Untitled (Lightbulbs) by Linda Medley
Most people know Linda Medley’s name from her Castle Waiting series, but this mini-comic is something completely different. Untitled is a wordless twenty page black and white comic that cleverly explores the creative process. In this mini, a young man sits and thinks until a light bulb appears over his head. Something isn’t quite right, however, as the bulb isn’t working properly. It floats white against the black background, but it doesn’t shine. He examines it cautiously and polishes it with a rag. He taps it, shakes it, unscrews it, screws it back in, but still something is keeping the bulb from illuminating the night sky. Finally, the young man accepts his failure and tosses the defective bulb into a garbage can – a can that’s already full of discarded bulbs.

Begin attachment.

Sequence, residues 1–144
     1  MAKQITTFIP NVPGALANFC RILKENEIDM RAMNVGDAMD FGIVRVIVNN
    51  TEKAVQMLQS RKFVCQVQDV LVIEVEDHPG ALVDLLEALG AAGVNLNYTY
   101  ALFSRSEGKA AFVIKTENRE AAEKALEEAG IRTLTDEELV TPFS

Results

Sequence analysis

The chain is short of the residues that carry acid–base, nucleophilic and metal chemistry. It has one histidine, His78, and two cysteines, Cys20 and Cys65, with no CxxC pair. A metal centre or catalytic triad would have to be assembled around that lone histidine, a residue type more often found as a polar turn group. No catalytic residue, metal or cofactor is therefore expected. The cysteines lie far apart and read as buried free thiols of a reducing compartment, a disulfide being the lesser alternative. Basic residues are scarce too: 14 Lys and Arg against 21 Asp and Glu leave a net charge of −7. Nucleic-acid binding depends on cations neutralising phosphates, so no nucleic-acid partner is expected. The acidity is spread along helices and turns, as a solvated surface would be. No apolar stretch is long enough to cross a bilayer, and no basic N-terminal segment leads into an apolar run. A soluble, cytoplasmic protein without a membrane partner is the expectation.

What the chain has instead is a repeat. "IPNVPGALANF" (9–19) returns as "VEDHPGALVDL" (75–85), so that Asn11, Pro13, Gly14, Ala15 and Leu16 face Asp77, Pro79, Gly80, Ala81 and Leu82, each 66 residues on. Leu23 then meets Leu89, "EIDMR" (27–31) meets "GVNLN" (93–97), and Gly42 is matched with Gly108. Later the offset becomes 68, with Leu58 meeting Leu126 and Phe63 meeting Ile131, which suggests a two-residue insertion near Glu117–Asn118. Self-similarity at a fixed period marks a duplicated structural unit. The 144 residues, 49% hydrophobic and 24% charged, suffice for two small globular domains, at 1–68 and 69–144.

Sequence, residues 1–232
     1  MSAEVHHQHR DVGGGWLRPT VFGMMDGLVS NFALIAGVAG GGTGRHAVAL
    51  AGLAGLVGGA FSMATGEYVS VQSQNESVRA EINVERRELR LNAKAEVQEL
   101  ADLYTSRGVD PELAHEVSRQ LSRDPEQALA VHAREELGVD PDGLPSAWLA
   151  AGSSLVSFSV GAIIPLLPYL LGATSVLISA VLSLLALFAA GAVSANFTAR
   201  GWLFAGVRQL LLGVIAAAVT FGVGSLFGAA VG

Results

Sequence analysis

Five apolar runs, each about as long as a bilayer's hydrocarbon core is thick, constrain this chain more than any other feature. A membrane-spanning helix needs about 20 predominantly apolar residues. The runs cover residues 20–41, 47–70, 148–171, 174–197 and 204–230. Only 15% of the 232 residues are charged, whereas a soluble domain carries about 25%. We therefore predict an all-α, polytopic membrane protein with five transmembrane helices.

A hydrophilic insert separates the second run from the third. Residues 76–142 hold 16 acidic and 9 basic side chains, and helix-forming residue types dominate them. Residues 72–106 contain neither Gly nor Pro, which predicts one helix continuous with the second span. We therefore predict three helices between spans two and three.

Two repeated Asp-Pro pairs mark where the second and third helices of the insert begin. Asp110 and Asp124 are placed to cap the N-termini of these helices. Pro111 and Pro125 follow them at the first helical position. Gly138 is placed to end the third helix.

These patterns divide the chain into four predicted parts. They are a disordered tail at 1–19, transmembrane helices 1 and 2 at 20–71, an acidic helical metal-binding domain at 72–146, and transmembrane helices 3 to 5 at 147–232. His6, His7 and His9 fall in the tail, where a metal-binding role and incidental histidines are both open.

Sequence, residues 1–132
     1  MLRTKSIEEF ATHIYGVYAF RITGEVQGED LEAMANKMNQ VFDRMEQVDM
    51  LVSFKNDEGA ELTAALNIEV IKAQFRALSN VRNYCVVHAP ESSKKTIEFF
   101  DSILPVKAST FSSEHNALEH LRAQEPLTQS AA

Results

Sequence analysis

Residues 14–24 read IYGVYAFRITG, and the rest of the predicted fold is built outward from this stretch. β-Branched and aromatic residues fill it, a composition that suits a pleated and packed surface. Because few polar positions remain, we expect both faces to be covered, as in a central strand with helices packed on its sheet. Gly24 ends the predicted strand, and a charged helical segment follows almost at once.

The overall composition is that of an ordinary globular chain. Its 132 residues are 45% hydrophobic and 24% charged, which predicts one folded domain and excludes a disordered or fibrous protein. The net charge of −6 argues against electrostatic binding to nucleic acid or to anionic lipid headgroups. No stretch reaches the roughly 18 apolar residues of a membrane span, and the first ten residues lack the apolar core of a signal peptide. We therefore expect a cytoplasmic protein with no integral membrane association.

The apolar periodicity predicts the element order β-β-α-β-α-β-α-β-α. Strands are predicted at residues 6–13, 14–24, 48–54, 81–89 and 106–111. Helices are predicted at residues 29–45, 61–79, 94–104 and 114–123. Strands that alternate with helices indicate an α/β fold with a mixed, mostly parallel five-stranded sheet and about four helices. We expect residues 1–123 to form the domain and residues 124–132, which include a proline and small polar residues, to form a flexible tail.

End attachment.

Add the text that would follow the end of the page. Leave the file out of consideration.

It doesn’t end like that. Another light bulb appears, and when that bulb appears, it illuminates the creative process. A smile breaks out on the young man’s face as he discovers that this idea just might work. He laughs open-mouthed as moths circle the bulb in a frenzy. Here, Medley borrows an obvious metaphor and makes it work with a minimal bag of tools. She crafts an effective story without using words, except for sound effects, or color. The background is a simple black that almost threatens to envelop the white of the character, his makeshift perch, and the bulb that hovers above his head.
Untitled is one of those mini-comics that use less to make an impact. Medley plays with the concept of a light bulb as an idea and explores the creative process in just twenty silent pages. It’s more immediate and effective than a long essay on the same subject might be and Medleys shows considerable skill and restraint in constructing her story.
You can grab a copy of Untitled at One Percent Press for only two dollars. While you’re at it, check out the rest of the mini-comics available from JP Coovert. Look for reviews of other One Percent Press titles in the future.